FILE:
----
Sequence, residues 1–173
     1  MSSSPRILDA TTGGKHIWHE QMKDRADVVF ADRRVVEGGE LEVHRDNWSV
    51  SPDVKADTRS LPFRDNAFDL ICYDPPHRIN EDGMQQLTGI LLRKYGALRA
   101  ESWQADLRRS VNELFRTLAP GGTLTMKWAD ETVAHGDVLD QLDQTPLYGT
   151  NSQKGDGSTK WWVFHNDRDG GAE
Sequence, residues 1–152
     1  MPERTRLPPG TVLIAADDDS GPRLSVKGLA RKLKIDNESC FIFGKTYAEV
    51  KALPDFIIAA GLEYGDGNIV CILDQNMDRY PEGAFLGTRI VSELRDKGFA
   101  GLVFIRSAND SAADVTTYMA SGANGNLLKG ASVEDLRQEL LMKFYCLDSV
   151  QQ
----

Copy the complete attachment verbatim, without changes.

Sequence, residues 1–173
     1  MSSSPRILDA TTGGKHIWHE QMKDRADVVF ADRRVVEGGE LEVHRDNWSV
    51  SPDVKADTRS LPFRDNAFDL ICYDPPHRIN EDGMQQLTGI LLRKYGALRA
   101  ESWQADLRRS VNELFRTLAP GGTLTMKWAD ETVAHGDVLD QLDQTPLYGT
   151  NSQKGDGSTK WWVFHNDRDG GAE
Sequence, residues 1–152
     1  MPERTRLPPG TVLIAADDDS GPRLSVKGLA RKLKIDNESC FIFGKTYAEV
    51  KALPDFIIAA GLEYGDGNIV CILDQNMDRY PEGAFLGTRI VSELRDKGFA
   101  GLVFIRSAND SAADVTTYMA SGANGNLLKG ASVEDLRQEL LMKFYCLDSV
   151  QQ